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B.2 Ch. 16: Other Diamond Mines, Method of Searching for Diamonds

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56               THE KOLLUR DIAMOND MINE book II
Journey of the Author to the other Mines, and concerning the method of searching for Diamonds.
Seven days' journey east of Golkonda there is another diamond mine, called Gani in the language of the country, and Coulour in the Persian tongue.1
It is close to a large town on the same river which I crossed
1 This mine has been identified in the Economic Geology of India, by the routes in vol. i. 140 and vol. ii. 73 with Koliur on the Kistna, where, according to a MS. map by Col. Mackenzie, there was a mine in 1798. The word Gani is equivalent to the Persian Kan-i, signifying ' mine of '. It is found in use by writers of the present century in connexion with another mine, namely Gani-Partial. It is the title for this mine most commonly used in works on mineralogy and precious stones, sometimes considerably modified in spelling, as Garee, &c. But it cannot be correctly used as the name of the mine where the Great Mogul or any other diamond was found. The date assigned to the discovery of this mine by Tavernier, namely about the middle of the sixteenth century, is of no value any more than the period assigned for the discovery of the Bammalakota mine. One hundred years, the native estimate, means a long time, that is all. Somewhere about the year 1622, William Methold, together with Andreas Socory and Adolf Thomason, visited from Masulipatam certain diamond mines, which the first-named describes as being situated ' at the foot of a great mountayne, not far from a river called Christena', the mining town being 2 miles off, and distant 108 English miles, or 12 Gentine leagues (gows, or gos ?) from Masulipatam. In all respects, save as regards the distance, the descrip­tion of the mines and the methods of working correspond with Tavernier's account of Coulour or Gani, i. e. Koliur. The distance given by Tavernier is 36 coss, or 72 miles from Masulipatam—the true distance is about 100 miles. In the Histoire generate des Voyages, vol. xiii, p. 20, Methold is misquoted as though he said the mines were but 2 leagues from Golkonda, whereas he says 2 miles from the temporary town, containing 100,000 persons, which had grown up in connexion with the mines. He says that they were closed for a time, in consequence of a demand made by the Mogul for a vyse (i. e. 3 lb. English, Tamil Visai) of the finest diamonds. The farmer paid the King 300,000 pagodas, say £120,000, per annum for the mine, the King retaining all stones above 10 carats. This sum is possibly an exaggeration—vide Purchas His Pilgrimage, 1626, vol. v. 1002. There is, as already stated, an account of the diamond mines of Golkonda and Bijapur in the Phil. Trans., vol. xii, No. 136, 1677. Ruins of houses, &c, and old mines are still to be seen at Koliur. (See Kistna Manual, pp. 170, 244.)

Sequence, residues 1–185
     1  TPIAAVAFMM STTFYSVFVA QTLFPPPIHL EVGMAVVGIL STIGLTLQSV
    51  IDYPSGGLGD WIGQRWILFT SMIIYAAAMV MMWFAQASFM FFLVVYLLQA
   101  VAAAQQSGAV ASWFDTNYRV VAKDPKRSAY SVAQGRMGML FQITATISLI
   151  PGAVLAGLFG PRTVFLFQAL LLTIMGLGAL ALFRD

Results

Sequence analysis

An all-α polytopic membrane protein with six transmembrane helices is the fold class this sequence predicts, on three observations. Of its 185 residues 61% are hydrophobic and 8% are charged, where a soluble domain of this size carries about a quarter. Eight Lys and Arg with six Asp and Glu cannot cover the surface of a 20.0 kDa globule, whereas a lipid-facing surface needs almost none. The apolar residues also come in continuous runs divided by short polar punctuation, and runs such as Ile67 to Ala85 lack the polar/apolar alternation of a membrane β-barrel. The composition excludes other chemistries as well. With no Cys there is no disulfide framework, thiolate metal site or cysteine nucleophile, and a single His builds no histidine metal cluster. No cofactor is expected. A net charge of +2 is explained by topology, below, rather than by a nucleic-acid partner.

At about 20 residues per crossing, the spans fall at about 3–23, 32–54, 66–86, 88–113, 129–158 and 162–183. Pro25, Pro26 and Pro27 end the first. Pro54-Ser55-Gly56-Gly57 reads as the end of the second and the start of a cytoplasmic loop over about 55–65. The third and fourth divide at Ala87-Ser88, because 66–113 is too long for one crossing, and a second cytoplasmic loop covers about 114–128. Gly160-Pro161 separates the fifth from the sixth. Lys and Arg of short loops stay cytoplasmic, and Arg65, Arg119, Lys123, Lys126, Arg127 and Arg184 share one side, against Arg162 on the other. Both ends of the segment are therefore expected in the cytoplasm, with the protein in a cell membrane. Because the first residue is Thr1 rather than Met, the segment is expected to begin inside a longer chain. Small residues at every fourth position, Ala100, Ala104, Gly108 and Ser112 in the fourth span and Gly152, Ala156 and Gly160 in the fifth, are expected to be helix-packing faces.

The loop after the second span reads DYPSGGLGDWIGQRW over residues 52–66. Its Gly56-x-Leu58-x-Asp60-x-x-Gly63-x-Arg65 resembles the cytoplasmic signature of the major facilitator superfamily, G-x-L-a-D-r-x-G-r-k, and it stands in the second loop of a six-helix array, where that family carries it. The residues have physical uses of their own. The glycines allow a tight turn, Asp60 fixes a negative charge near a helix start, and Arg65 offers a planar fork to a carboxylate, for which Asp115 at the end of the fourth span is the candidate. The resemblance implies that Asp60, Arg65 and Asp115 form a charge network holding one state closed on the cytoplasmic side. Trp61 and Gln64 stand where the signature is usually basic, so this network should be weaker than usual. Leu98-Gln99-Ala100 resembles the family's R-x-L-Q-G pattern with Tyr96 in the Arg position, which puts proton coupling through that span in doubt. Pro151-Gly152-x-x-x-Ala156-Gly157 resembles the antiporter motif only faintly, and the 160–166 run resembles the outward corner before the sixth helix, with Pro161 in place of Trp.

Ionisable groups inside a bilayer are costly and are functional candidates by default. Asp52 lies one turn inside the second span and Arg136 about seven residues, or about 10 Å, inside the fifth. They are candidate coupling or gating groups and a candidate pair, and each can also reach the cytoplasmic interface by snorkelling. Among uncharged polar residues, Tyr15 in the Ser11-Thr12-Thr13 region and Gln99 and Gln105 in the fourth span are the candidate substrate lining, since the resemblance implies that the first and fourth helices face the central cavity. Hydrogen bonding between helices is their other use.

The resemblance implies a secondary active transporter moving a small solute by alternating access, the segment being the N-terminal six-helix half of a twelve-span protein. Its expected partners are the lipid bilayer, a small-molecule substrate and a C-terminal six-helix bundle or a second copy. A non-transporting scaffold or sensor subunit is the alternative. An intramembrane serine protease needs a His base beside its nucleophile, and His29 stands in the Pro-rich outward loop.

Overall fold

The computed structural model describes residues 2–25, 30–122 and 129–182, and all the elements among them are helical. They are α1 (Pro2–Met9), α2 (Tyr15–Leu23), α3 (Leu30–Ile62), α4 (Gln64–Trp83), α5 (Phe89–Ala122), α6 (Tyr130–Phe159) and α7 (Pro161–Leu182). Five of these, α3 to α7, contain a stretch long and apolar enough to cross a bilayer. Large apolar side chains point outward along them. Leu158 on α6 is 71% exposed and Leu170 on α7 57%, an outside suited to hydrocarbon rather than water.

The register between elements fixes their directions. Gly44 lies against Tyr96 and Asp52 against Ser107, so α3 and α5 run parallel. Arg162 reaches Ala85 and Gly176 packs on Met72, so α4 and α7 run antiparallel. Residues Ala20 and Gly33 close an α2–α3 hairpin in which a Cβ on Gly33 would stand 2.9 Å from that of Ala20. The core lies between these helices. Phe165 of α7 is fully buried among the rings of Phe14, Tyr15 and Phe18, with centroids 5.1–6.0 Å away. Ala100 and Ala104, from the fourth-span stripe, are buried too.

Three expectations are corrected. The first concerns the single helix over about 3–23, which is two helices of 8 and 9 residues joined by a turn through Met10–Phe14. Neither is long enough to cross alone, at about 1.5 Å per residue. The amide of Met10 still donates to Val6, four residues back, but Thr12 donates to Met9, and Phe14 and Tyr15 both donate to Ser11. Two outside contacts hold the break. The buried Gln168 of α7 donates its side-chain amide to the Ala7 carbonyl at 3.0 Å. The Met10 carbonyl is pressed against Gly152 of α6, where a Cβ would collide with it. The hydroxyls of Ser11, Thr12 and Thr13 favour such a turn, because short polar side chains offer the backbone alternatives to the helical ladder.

B.2 Ch. 15: Diamonds, Mines & Rivets Where They Are Found Page of 417 B.2 Ch. 16: Other Diamond Mines, Method of Searching for Diamonds
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